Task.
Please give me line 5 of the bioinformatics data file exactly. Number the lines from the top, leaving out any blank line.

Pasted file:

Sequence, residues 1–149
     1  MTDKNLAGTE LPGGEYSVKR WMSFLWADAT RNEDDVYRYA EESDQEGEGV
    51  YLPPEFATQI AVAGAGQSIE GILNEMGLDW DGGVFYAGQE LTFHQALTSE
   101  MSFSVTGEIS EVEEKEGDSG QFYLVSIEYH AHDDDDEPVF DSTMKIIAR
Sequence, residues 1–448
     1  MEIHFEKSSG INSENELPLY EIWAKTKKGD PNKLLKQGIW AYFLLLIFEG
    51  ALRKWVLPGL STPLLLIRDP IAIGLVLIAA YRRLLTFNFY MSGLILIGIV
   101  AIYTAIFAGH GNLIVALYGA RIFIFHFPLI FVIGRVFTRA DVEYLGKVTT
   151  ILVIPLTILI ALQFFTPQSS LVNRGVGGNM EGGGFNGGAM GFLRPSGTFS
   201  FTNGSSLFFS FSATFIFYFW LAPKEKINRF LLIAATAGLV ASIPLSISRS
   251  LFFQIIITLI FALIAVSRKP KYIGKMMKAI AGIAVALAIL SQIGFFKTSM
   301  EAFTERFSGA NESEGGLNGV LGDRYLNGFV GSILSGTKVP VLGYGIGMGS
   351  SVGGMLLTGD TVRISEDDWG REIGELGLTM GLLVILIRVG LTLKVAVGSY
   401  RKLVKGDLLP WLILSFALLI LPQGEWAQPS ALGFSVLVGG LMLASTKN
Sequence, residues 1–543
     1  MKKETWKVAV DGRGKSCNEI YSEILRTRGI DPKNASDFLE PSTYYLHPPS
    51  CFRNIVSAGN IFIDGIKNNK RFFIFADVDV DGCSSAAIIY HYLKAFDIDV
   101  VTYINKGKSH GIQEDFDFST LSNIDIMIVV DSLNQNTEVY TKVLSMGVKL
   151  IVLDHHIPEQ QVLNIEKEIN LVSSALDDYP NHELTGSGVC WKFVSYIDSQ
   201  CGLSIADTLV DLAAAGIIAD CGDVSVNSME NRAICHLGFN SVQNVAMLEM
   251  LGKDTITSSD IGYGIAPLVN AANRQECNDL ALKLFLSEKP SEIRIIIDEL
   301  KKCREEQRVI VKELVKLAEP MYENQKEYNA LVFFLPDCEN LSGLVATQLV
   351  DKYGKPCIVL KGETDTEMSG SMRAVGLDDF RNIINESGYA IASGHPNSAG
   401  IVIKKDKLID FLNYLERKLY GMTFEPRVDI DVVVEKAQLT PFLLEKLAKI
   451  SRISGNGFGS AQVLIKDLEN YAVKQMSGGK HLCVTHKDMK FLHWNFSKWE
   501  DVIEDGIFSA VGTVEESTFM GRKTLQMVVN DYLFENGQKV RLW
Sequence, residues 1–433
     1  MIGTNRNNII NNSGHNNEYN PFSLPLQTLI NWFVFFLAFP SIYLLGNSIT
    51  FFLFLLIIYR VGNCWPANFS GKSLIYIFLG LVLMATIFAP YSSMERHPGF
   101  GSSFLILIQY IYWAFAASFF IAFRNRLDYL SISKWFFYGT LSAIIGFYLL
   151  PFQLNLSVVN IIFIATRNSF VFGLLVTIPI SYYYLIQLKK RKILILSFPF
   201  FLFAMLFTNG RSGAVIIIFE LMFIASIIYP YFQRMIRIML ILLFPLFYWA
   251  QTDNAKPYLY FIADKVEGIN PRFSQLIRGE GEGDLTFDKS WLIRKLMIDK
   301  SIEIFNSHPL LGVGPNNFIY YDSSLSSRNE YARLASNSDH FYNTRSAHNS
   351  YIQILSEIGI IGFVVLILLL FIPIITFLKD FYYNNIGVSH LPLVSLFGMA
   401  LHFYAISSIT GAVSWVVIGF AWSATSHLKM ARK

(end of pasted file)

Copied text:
Sequence, residues 1–448